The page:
As a teenager, Davies was not exactly representative of young Liverpool. In the early 1960s, he worked in an office close to the Cavern, where the Beatles were turning the city into the temporary capital of the world. Davies, however, never went there: a lover of Hollywood films who was just discovering Sibelius and Bruckner, he thought the Merseybeat boom was destroying songwriting. He hates pop to this day: “If I’m forced to listen to it, it is absolute hell – hell,” he says. The film has only sarcasm for the Beatles. Yet, in spite of being an avowed enemy of modern pop music, and in the one gross misjudgement of the film, he uses He Ain’t Heavy, He’s My Brother by The Hollies over images from the Korean War.
Davies doesn’t hide his disdain for the way Liverpool has changed in subsequent decades. Near the end of the film there are scenes of city night life, of the nightclubbing, pub-crawling, binge-drinking contemporary leisure culture, scenes that are clearly intended as a rebuke to the Liverpool of the present. This is the main weakness of the film – when Davies returned to make the film he had been away for the best part of two decades. You feel that he really hasn’t understood how it feels to have been here during that time and to have seen the city (the centre at least) change immeasurably for the better.
Davies is caustic when he considers the Royal family, what he calls ‘the Betty Windsor show’. Davies’ narration still burns with anger at the outrage of a luxurious royal wedding at a time of rationing in a nation that possessed some of the worst slums in Europe.
Davies’ last two films were literary adaptations (strangely, from American novels), The House of Mirth in 2000 and The Neon Bible in 1995. Neither approaches the intensity, power, and beauty of the autobiographical films he made before this and on which his reputation rests. Firstly, between 1976 and 1983 he made the three black-and white shorts (Children, Madonna and Child, Death and Transfiguration) that comprise the trilogy and depict his impoverished working-class childhood, the memories of his violent father, his close and loving relationship with his mother, and his struggles with his Catholic upbringing and his homosexuality.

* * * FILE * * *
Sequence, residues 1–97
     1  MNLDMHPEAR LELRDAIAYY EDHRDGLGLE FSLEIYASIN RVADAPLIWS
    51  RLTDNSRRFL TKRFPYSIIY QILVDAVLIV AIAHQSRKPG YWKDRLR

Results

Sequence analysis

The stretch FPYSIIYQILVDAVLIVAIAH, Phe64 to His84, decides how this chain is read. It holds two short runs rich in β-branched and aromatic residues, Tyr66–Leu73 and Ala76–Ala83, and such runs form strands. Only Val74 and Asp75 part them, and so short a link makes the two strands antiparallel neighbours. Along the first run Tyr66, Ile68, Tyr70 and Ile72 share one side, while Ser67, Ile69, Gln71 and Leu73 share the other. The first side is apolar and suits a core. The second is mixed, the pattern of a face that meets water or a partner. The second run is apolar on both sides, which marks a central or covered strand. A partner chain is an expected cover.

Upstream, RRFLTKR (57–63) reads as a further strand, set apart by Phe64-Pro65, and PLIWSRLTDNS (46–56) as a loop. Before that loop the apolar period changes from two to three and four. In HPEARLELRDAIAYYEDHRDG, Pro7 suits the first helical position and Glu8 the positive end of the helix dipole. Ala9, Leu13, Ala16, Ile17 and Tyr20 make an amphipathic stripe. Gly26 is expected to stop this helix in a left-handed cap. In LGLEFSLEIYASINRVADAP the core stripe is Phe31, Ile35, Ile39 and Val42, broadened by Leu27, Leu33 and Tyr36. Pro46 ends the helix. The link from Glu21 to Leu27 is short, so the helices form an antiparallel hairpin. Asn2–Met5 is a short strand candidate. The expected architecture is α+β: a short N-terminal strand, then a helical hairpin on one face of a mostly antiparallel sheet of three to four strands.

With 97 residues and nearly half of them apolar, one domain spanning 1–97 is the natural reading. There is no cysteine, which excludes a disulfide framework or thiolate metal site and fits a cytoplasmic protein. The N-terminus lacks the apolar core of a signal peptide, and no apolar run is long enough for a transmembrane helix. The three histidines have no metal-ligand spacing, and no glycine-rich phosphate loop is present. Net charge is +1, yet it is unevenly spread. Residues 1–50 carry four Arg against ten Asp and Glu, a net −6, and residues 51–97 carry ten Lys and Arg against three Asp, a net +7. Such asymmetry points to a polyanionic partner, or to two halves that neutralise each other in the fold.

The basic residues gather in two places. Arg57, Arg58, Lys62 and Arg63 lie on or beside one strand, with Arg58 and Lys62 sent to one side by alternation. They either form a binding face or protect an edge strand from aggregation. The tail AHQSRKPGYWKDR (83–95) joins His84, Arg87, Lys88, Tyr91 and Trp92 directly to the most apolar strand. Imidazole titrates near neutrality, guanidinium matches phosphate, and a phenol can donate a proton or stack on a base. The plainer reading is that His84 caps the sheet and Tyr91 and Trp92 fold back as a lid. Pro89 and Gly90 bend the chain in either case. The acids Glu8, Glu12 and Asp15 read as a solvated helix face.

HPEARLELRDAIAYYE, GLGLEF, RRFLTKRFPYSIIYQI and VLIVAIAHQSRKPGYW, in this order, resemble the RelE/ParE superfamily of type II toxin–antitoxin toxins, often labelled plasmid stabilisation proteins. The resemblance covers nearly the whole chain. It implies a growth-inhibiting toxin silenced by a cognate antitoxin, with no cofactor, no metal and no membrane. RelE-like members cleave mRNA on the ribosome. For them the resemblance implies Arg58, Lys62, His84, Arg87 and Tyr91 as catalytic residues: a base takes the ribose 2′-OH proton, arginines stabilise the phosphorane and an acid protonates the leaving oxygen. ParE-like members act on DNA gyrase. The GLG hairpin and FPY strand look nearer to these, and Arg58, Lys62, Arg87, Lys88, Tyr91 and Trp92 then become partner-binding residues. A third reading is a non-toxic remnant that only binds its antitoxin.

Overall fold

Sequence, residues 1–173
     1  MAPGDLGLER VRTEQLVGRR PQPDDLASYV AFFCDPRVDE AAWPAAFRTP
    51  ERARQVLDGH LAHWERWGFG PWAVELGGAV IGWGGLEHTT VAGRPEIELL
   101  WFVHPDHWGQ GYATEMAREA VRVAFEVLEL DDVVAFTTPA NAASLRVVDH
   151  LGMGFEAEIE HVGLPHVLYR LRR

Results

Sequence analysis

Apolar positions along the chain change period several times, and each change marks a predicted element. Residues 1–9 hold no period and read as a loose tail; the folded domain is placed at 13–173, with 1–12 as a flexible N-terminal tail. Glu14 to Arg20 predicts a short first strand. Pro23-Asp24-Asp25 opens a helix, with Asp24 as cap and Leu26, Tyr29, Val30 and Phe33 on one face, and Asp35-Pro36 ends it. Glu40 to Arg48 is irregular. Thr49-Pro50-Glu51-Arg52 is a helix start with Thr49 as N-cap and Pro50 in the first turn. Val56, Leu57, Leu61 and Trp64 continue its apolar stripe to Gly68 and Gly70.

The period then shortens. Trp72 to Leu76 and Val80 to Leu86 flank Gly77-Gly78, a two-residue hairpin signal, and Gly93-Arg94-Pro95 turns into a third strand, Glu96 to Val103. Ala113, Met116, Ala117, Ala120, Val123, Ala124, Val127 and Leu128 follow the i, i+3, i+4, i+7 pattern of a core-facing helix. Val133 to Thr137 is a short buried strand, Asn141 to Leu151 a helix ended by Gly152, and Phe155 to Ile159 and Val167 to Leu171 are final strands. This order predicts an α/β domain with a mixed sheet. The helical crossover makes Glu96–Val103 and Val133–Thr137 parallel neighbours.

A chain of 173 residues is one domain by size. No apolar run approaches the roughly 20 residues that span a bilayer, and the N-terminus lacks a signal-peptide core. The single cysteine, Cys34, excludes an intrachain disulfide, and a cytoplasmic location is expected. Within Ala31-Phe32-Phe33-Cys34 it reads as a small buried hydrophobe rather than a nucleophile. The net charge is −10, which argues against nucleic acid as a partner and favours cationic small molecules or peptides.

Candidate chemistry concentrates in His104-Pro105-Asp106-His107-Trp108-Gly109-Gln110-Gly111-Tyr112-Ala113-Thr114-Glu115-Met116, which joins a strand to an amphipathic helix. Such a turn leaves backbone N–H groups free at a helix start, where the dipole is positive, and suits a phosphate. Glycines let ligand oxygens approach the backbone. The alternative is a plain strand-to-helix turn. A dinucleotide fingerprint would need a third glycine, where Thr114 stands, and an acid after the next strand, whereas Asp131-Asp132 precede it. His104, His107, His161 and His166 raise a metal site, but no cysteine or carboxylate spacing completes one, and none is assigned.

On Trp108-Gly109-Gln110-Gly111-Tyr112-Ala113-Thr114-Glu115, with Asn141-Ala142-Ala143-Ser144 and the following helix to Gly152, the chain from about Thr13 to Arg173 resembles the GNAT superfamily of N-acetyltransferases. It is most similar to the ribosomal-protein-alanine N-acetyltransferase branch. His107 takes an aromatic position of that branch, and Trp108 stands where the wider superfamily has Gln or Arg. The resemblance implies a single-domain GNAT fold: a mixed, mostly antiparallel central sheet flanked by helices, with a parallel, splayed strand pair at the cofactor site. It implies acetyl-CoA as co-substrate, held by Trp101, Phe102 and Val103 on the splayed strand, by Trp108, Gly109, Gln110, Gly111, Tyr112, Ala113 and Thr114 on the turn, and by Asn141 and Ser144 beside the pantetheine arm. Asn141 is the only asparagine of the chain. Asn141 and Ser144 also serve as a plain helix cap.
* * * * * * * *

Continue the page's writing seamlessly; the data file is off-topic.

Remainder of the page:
Davies used the same autobiographical material for the two colour films, Distant Voices, Still Lives in 1988 and The Long Day Closes in 1992. The way the trilogy worked with shifts in time through increasingly complex visual and/or aural matches is refined in these colour films. They are as close as narrative film can come to a pure sensory experience of sound and image — The Long Day Closes is famous for its lengthy shot of the hall carpet, one that is held by Davies for the patterns of changing light to play out. His work in these two films has been described as ‘filmmaking of the rarest delicacy and beauty’.
As for the new film: ‘My idea was to contrast the city I knew and the city it has become, which is alien to me’, Davies said in an interview.
Of Time and the City: trailer
- FACT Interview: Terence Davies visited FACT to talk about Of Time and the City and about his relationship with the city of his birth.
- Guardian review
- Reel Review: Of Time and the City (Guardian)
- A walk through the city of ghosts: Terence Davies interviewed by Frank Cottrell Boyce (Guardian)
- Terence Davies talks to Jason Wood (Guardian)